Maani tang’rtaanitua parananek. - I never see mountain goats around here.
Mountain goats (Oreamnos americanus) are one of four large ungulate species introduced to Kodiak in the early twentieth century. These docile alpine grazers live on steep, rocky mountain slopes, where they eat grasses, herbs, and low-lying shrubs. The have pointed black horns, a thick white coat, and distinctive long hair along their backs, necks, shoulders, rumps, and legs. Mountain goats captured on the Kenai Peninsula were moved to Kodiak in 1952-53 and released in Ugak Bay’s Hidden Basin. Today there are more than 1,400 animals in the Kodiak region. A good hiker can get close to mountain goats, which rely on their rugged habitat for protection.
Although goats were not indigenous to Kodiak, Alutiiq people obtained their hair and horns in trade with the Chugach of Prince William Sound and the Dena’ina of the Kenai Peninsula. Alutiiqs used long goat hairs to embroider sewn objects and fashioned goat horn into elegant spoons. Craftsmen softened the horn with steam, bent it into shape, and carved it into intricate shapes. One of the Alutiiq words for mountain goat, paRanaq, is the same as the word for sheep.
A story from Prince William Sound indicates that Alutiiq hunters pursued goats with bows and arrows. To indicate ownership of a slain animal, a hunter might place an item of his clothing—a spruce root hat or a ground-squirrel parka—on the carcass. This gesture of respect also honored the goat’s spirit and welcomed it to the hunter’s village.
Photo: Mountain goat on northern Kodiak Island. Photo by Zoya Saltonstall.
Kayulut qanertutaartut. - Bullheads always have big mouths.
In Alutiiq art, portrayals of the human mouth carry a great deal of symbolism. This is particularly true with masks and dolls. According to anthropologist Dominique Desson, very few Alutiiq masks present strictly human features. Many seem to convey an “otherness” by mixing animal and human characteristics. This mix of features suggests the presence of spirits who have only partially revealed their human form.
Like the artwork on Alutiiq bentwood hunting hats, masks and dolls often incorporate bird imagery, particularly a beak-like mouth. A beak may be represented in many ways, from naturalistically to highly stylized. Similarly, the mouths of dolls are often portrayed as a narrow triangle, pointing downward toward the chin. This may symbolize a beak, the deformation of the mouth created by a pair of labrets (lip plugs), or both. Some anthropologists believe that labrets symbolically transformed the mouth into a beak.
Other portrayals of the human face feature circular mouths, representing an individual who is whistling. Like beak-shaped mouths, these mouths represent a tie to the spirit world. Whistling was the way that a spirit talked.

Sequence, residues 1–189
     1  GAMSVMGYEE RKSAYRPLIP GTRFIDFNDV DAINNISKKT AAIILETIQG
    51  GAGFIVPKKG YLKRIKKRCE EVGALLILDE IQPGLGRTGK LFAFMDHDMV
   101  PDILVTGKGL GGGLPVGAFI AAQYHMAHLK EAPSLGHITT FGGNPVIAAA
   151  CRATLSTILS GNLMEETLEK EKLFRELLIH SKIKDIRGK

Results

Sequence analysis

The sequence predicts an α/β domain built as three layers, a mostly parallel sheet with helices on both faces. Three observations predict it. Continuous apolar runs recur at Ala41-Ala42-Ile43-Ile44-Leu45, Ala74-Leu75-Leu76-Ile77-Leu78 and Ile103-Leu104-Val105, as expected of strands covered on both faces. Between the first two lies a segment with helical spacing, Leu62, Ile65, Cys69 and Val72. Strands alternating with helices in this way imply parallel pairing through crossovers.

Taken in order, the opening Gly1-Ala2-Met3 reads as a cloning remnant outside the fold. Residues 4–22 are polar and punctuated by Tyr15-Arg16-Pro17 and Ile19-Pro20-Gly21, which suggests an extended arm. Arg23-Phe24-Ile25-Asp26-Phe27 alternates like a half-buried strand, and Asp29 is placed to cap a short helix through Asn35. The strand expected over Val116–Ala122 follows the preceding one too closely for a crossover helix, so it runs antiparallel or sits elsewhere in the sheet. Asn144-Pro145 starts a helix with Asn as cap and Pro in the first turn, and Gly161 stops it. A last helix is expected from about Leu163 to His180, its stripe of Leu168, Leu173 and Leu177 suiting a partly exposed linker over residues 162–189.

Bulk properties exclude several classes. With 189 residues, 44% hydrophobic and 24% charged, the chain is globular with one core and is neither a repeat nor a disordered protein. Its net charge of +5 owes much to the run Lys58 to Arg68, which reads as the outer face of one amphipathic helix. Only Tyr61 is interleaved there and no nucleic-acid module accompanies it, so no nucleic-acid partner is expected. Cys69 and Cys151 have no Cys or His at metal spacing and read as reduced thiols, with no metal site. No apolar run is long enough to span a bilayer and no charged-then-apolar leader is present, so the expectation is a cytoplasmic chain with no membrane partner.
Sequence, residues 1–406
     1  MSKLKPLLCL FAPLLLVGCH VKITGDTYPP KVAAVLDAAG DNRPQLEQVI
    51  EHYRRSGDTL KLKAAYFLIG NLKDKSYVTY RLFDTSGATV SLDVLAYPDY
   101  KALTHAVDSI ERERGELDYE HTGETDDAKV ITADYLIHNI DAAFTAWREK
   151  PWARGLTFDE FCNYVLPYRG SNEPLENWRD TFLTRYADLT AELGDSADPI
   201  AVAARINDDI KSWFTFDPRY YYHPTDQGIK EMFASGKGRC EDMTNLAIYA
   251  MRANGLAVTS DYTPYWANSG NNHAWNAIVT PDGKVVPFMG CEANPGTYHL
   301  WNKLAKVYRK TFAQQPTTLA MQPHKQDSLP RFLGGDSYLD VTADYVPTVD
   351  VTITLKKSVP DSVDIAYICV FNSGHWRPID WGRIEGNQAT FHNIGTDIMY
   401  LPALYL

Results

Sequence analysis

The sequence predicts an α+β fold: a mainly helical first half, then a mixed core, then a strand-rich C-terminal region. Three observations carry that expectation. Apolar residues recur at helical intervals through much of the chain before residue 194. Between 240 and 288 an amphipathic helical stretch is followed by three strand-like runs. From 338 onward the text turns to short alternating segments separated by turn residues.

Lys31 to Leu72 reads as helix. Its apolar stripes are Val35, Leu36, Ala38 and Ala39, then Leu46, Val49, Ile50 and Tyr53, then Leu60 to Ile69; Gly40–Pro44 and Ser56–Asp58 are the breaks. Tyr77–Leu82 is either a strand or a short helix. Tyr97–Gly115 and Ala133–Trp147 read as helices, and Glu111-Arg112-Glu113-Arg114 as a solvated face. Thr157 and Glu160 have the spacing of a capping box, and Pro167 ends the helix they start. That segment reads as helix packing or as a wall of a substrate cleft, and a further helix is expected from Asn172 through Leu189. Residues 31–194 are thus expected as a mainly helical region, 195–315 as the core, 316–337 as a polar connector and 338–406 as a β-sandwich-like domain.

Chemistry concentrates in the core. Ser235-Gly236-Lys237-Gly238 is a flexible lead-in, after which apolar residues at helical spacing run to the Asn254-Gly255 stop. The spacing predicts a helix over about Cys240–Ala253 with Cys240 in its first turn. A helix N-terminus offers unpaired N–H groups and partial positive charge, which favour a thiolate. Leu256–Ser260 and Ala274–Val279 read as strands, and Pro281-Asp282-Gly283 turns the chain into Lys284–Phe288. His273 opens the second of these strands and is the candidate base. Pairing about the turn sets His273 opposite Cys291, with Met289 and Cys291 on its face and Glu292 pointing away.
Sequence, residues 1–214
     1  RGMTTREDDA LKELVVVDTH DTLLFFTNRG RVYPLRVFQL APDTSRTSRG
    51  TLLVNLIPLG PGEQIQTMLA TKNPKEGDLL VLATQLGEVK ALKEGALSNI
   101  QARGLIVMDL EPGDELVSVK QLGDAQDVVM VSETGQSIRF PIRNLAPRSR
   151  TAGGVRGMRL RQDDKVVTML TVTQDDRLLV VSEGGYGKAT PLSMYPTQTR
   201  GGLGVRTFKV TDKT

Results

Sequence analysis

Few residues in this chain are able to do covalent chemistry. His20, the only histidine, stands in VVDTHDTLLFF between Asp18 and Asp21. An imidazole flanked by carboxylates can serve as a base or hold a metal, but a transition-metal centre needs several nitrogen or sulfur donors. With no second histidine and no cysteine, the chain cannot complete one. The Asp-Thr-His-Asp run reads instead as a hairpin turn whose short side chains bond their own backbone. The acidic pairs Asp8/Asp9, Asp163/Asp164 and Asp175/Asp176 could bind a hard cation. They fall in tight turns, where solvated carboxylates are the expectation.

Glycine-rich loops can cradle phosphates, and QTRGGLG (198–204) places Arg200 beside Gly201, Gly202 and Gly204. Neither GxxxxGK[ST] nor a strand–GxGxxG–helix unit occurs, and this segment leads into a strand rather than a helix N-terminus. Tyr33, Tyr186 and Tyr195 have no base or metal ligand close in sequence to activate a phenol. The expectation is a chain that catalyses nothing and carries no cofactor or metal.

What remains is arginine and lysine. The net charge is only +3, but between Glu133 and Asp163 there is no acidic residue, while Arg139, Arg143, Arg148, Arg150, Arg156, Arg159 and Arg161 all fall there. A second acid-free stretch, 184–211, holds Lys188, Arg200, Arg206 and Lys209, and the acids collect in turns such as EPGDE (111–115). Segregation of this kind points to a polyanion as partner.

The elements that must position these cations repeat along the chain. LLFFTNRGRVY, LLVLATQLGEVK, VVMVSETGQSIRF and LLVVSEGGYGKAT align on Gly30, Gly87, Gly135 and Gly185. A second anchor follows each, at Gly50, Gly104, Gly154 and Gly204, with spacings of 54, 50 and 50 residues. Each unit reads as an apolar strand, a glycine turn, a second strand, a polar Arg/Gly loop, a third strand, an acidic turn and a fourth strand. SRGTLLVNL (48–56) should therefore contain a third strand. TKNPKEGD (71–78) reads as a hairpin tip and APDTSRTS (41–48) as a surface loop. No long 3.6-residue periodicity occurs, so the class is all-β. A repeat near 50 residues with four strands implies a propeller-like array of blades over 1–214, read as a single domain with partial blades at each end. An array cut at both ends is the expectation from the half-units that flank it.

Image: Petroglyh face with an open mouth. Cape Alitak, Kodiak Island.
Suupalitaartut sliyaaparanek. - They make soup out of mushrooms.
Cool temperatures, darkening days, and wet weather are all signs of fall in Alaska, and of mushroom season. Mushrooms are fungi, the fruit of plants that grow underground and obtain their nourishment from decomposing matter rather than sunlight. These delicate plants reproduce quickly when temperature and rainfall are just right. In Alaska, mushrooms are most common in late summer and early fall and can be found as far north as the Arctic Circle.
Although mushrooms are colorful and fun to find, many are poisonous. For example, the fly agaric (Amanita muscaria), a common gilled mushroom with a white stalk and a speckled orange cap, is deadly. Never eat a wild mushroom unless you are certain of its identity and that it is safe to consume.
Although not widely collected by Alutiiqs today, Elders recall their parents gathering and cooking mushrooms. Some varieties were cooked with fish and onions. Others, like the bolete (Leccinum insigne), were fried in butter. In Larsen Bay, people once gathered and stored puffball mushrooms (Lycoperdon) for medicinal purposes. As the puffball ages, it darkens and its insides become powdery. Alutiiqs applied the powder to burns and skin infections to promote healing, particularly wounds that were slow to close. Puffball powder might also be applied to a fresh injury to prevent future infection. Mushrooms are still collected by Kenai Peninsula Alutiiqs, who snack on some varieties while walking in the woods.
Photo: A pair of poisonous fly agaric mushrooms.
Cauyat pingaqtaanka, asqignasqat. - I like music that has a good beat.
Music is a cultural universal. Every human society has a musical tradition. Although these traditions vary greatly, with unique styles, sounds, and ways of performing, music is an essential part of the artistic expression of all people.
Despite the universal presence of music in human life, many societies don’t have a unique word for music. This is true of the Alutiiq people. In the Alutiiq language, the word for drum and music are same: cauyaq. This situation probably reflects the fact that drums were the primary type of musical instrument in traditional performance. Alutiiqs also used rattles and whistles in musical presentations.
Like other forms of art, music encodes information on language, social practices, cultural values, and history. A recent compilation of Alutiiq music illustrates the evolution of Alutiiq music. Generations, a professionally produced anthology of Alutiiq language songs, includes traditional stories used to preserve and share history, church hymns that reflect the adoption and practice of Christianity, translations of contemporary songs, and new compositions that illustrate efforts to preserve and reawaken Alutiiq traditions.
Photo: Puffinbeak rattle. Etholén Collection, National Museum of Finland.